by Marion Nestle

Currently browsing posts about: Fats-and-oils

Jul 12 2018

Food Navigator’s collection of articles on “healthy fats”

Fat remains in the news.  Which ones are health, and which not?  FoodNavigator-USA collects its articles on the topic.  My thoughts:  Beyond that, food fats are mixtures of monounsaturated, polyunsaturated, and saturated fatty acids, of the omega-3, -6, and -9 varieties.  And then there are the hydrogenated trans-fats.  These variations make fats complicated.

One attribute of fats is not complicated: fat has 9 calories/gram compared to 4 for protein and carbohydrate.  A tablespoon of oil, butter, lard, or tallow has about 100 calories.  If you are concerned about energy balance, watch out for fat calories (and the other ones count too).

FoodNavigator’s Special Edition: Healthy fats
Fat – we are told – is back. But what kind of fat, and can you have too much of a good thing? Is the science changing on saturated fats? Is whole milk a better choice, or should we stick to low fat dairy? Is coconut oil as healthy as some marketers make out, and is the pressure off to reduce fat now all eyes are on added sugar?  Get the lowdown on fat in this special edition…

May 14 2018

WHO seeks comments on saturated fat and trans fat

The World Health Organization (WHO) is collecting comments until June 4 on its recent “consultation” (committee report) on saturated fat and trans fat.

The consultation recommends:

  • Saturated fat: no more than 10% of calories
  • Trans fat: no more than 1% of calories

These recommendations are consistent with

I wish that dietary recommendations would refer to foods, not nutrients.

We don’t eat specific fatty acids.  We eat foods containing mixtures of saturated, unsaturated, and polyunsaturated fatty acids; some foods have more than one kind than another.

Trans fats appear in highly processed foods.  Therefore, they are a euphemism for snack and other foods containing them.

As for saturated fats: the Dietary Guidelines give their main sources:

The guidelines use two layers of euphemisms.

  • Saturated fat is a euphemism for meat and dairy foods; these have higher proportions of saturated fatty acids.
  • “Mixed dishes” and “protein foods” are also euphemisms for meat and dairy foods.

But saying so is politically impossible.

Do comment on the WHO guidelines.  It may help clarify the recommendations.

Dec 12 2017

Oops. Fat replacing sugar in US diets.

In the late 1980s, nutrition scientists identified fat and saturated fat as key nutrients that needed to be reduced in US diets.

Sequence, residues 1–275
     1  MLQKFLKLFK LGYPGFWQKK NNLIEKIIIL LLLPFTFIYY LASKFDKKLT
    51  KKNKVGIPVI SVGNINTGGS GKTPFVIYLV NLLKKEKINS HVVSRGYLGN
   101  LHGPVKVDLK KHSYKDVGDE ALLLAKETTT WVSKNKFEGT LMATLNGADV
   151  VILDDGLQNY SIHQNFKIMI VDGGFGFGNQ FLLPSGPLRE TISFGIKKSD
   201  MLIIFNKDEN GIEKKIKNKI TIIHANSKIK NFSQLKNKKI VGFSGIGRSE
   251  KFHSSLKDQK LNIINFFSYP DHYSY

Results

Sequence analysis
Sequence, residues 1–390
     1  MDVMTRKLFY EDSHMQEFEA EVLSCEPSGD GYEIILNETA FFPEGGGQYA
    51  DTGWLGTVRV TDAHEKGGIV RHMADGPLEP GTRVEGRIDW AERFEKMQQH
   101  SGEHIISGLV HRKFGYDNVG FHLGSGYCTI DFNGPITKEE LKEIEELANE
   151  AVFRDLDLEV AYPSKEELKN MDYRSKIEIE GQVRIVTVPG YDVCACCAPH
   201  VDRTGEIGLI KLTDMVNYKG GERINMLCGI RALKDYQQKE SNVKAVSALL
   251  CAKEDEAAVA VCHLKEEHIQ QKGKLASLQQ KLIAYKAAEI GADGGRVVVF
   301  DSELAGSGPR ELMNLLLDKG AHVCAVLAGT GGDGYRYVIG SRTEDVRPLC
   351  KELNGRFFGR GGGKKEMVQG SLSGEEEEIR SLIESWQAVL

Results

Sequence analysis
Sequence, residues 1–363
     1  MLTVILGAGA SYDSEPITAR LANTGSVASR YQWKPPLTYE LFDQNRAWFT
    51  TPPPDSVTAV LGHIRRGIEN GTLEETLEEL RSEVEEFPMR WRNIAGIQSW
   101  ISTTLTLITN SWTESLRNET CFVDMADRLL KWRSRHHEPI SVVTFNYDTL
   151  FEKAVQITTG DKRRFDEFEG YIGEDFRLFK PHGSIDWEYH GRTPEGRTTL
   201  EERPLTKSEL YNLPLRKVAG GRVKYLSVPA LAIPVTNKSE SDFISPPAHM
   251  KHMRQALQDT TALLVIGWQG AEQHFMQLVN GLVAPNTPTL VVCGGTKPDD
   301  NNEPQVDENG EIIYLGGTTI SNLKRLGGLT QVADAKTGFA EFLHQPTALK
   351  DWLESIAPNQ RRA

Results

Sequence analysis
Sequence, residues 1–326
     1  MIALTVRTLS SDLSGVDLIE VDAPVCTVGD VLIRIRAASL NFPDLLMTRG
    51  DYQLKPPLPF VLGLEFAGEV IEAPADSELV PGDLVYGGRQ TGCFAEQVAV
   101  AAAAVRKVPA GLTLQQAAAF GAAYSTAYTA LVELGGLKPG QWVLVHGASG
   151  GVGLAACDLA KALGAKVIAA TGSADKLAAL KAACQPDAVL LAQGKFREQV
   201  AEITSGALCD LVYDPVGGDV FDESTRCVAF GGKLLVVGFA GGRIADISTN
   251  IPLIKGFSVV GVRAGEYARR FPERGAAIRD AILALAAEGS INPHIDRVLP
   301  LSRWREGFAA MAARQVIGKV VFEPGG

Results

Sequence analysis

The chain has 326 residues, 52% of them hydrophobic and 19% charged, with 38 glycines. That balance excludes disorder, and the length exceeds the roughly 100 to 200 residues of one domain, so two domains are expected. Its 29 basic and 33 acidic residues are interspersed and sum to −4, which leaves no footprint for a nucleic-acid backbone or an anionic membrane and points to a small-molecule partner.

One result was the Snackwell’s phenomenon in the early 1990s—“no-fat” cookies with just as many calories as the ones with fat.  They flew off the shelves.

Image result for snackwell's no fat cookies

Now the push is to get rid of carbs, especially sugars.  The result?  Fat is back, along with its calories (fat has more than twice the calories per gram as carbohydrates, 9 as opposed to 4).

A tweet from Kevin Bass tells the story:

The USDA tells the same story, but with respect to specific products:

These products may be more satiating, but watch the calories!

Also watch out for the saturated fat:

 

Sep 5 2017

The PURE study warrants some skepticism

I love getting notes like this one from a reader:

Why aren’t you saying anything about the PURE study.  Doesn’t it prove that everything you’ve been saying about eating more fruits and vegetables and about saturated fat is wrong, wrong, wrong.  Admit it.

Not this time.  Whenever I hear the claim that “everything you thought about nutrition is wrong,” I know that skepticism is in order.  Science rarely works that way; it usually progresses incrementally.

What the PURE study is about: The PURE (Prospective Urban Rural Epidemiology) study was designed to examine, among other things, the effects of lifestyle behaviors on the health of about 135,000 people in 18 countries over up to 10 years.  Its results have just been published in Lancet journals.

What the headlines say: “Study challenges conventional wisdom on fats, fruits and vegetables.”

What the studies say:  Three papers report results: 

1,  Fruit, vegetable, and legumes vs. cardiovascular disease and death

Higher fruit, vegetable, and legume consumption was associated with a lower risk of non-cardiovascular, and total mortality. Benefits appear to be maximum for both non-cardiovascular mortality and total mortality at three to four servings per day (equivalent to 375–500 g/day).

2.  Fat and carbohydrate vs. cardiovascular disease and death

High carbohydrate intake was associated with higher risk of total mortality, whereas total fat and individual types of fat were related to lower total mortality. Total fat and types of fat were not associated with cardiovascular disease, myocardial infarction, or cardiovascular disease mortality, whereas saturated fat had an inverse association with stroke. Global dietary guidelines should be reconsidered in light of these findings.  [Note: the data do not distinguish types of carbohydrate.]

3.  Association of nutrients with blood lipids and blood pressure

Our data are at odds with current recommendations to reduce total fat and saturated fats. Reducing saturated fatty acid intake and replacing it with carbohydrate has an adverse effect on blood lipids. Substituting saturated fatty acids with unsaturated fats might improve some risk markers, but might worsen others.

Why the need for skepticism: